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YARMOUTH — In an election that attracted about 14 percent of registered voters, residents on Tuesday elected three fresh faces to the Town Council.
Incumbent Judiann Smith will serve another three-year term on the School Committee with newcomer Margaret Groban.
Newcomer Susan Bogle Krauss will join incumbent and longtime Trustee Irving Felker Jr. on the Water District Board of Trustees.
In a referendum vote, the $19.8 million school budget passed 779-210.
In a race where six candidates fought for three seats on the Town Council, the newcomers stole the show.
Andrew Kittredge received 565 votes, Randall Bates had 536 and Leslie Hyde received 391.
They defeated incumbent political neophyte Jim MacLeod, who received 371 votes, former Town Councilor Mark Hough, with 305, and incumbent Councilor Bill Schaffer, who trailed with 299 votes.
Kittredge, 32, of North Road, is a project superintendent at CPM Constructors in Freeport. He said he is looking forward to his three-year term on the council.
“I am so excited,” he said Tuesday night.
Bates, 43, is a member of the Planning Board and lives on Tannery Lane with his wife and two children. After a narrow defeat at the polls last year, the criminal defense attorney at Strike, Goodwin & O’Brien in Portland said he is pleased to have received enough votes to serve on the Town Council.
“We’re heading into a new time,” Bates said. “We have plans for the gateway to Route 1, the McKearny Village subdivision, and other exciting new developments. I’m looking forward to working with the town, the School Committee and seeing the changes ahead.”
Hyde, 56, ran the nonprofit organization Maine Teen Talks for the past three years and has worked in international business publishing. She is a resident of Pleasant Street and said she will be the first woman councilor in the past six years.
“I think we are overdue, and I think a big reason I was elected is because I am a woman and because they want to see a woman on the council,” she said.
She said she was sad Schaffer was not re-elected because he was her mentor and role model.
“I’m prepared to spend a lot of time learning what I need to learn as a councilor,” Hyde said. “It’s what I learned from Bill. I think I will learn a lot and will get to work with interesting people.”
Schaffer, 69, of Cumberland Street, said he thinks the three new councilors are wonderful. He said was pleased to recently get to know Kittredge, was hoping Hyde would be elected and said Bates will serve the town well.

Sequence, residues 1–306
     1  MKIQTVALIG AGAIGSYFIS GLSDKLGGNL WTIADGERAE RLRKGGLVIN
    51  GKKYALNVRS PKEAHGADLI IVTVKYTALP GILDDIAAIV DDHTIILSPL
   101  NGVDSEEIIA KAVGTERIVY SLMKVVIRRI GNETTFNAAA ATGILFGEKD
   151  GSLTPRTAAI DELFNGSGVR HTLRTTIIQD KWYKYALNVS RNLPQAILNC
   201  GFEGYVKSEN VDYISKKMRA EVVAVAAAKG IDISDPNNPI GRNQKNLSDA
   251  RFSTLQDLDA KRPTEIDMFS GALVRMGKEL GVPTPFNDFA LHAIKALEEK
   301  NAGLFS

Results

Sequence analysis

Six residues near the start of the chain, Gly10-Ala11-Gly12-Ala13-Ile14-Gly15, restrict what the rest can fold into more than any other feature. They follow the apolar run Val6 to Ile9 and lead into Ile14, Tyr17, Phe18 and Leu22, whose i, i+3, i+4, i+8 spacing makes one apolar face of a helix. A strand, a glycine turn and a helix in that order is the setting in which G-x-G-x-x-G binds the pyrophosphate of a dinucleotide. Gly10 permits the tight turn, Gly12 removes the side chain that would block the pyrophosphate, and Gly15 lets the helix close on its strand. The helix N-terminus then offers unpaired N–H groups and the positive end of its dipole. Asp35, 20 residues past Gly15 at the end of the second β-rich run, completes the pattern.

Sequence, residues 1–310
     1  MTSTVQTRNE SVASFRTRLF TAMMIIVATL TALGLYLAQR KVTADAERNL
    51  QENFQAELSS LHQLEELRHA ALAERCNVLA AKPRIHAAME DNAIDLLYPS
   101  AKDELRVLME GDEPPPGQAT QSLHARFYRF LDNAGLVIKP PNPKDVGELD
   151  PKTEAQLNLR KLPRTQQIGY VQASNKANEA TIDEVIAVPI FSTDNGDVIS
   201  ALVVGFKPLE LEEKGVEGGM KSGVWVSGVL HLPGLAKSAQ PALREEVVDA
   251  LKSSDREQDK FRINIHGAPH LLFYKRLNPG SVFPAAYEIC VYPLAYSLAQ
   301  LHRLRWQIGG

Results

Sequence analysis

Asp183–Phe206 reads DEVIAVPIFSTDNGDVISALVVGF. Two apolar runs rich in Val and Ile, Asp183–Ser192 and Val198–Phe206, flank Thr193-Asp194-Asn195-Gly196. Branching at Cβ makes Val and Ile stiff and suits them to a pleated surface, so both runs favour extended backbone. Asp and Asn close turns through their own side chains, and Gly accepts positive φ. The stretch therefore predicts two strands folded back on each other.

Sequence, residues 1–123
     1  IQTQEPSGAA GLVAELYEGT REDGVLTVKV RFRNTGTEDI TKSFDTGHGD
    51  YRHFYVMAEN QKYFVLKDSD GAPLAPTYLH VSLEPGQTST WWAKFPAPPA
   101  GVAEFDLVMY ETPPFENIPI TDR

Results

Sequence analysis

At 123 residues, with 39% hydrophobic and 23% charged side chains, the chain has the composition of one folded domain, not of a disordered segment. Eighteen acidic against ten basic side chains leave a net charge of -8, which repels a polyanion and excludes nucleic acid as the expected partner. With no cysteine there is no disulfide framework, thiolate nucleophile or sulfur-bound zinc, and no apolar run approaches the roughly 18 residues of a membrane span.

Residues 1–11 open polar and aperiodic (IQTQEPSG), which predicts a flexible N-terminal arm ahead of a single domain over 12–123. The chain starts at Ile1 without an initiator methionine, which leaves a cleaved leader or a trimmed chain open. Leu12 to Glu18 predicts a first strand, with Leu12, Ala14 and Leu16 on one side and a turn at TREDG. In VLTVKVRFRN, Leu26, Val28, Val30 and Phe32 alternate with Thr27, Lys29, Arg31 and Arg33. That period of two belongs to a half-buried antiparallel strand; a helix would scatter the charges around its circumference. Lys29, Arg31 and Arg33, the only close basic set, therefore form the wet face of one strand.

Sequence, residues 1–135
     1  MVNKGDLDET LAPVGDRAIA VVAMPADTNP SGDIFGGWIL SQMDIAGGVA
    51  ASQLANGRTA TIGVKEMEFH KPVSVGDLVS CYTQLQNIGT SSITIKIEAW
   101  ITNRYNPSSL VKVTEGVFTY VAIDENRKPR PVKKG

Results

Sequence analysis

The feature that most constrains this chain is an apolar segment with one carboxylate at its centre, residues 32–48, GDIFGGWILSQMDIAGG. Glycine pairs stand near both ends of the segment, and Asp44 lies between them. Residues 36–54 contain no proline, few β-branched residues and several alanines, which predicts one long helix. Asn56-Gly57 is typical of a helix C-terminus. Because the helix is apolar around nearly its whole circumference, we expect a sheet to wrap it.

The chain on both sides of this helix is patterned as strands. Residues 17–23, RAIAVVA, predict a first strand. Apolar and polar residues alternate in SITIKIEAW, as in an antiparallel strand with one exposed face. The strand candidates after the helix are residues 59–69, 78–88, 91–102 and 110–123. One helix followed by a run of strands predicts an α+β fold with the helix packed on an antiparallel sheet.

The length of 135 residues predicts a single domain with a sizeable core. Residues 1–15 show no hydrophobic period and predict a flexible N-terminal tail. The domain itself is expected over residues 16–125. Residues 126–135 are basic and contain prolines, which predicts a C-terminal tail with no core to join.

“I think you need to look at the council as a whole and see what is needed,” he said. “I think the age (changes) and having a woman serve will be great for the council because with this election it will no longer be an ‘old boy network.’ I know everyone elected will work hard to get up to speed.”
Town Clerk Jennifer Doten said about 1,000 of the town’s 6,900 eligible voters turned out. For a June election with only municipal, school and water district candidates, the turnout was reasonable, she said.
“I was pleasantly surprised with the voter turnout,” Doten said. “Despite the weather and the lack of other issues, voters came to the polls to cast their ballots.”
Incumbent Smith will serve a second three-year term on the School Committee with Groban of Starboard Reach.
Groban received 625 votes and Smith received 605. J. Philip Jones, 47, of East Elm Street, fell short with 450 votes.
Smith, 46, of Sandy Brook Lane, is married and has three children. She has worked at Spurwink Services for 16 years in human resources and as its director of regulatory and legislative analysis. She said she is looking forward to working with Groban and continuing to work with the other committee members.
“We are in a good place working with the Town Council,” Smith said. “I am hoping that a lot of changes to both committees will not disrupt the flow we have going.”
Groban, 54, is married and has three grown daughters who attended Yarmouth schools. As an attorney, Groban has worked as a federal prosecutor in the Office of the U.S. Attorney in Portland for nearly 30 years.
“I am happy to join the board and get started,” she said. “Any of us would have served the schools well.”
In the race to fill two seats on the Water District Board of Trustees, incumbent Felker, 68, of Hillcrest Avenue, was elected to another three-year term. He received 552 votes.
He will be joined by Krauss, of East Main Street, whose late husband served on the board for about 11 years. Krauss, an eighth-grade social studies teacher at Falmouth Middle School, received 492 votes.
Felker said he is pleased to keep the seat he has held for 20 years.
“I think the fact that I am on again tells me that the customers are pleased and we must be doing something right,” he said. “Hopefully we can continue in the way we have. We have a good board of trustees and excellent staff.”
Felker and Krauss defeated newcomers Andy O’Brien and Bill Stees, who received 384 and 154 votes, respectively.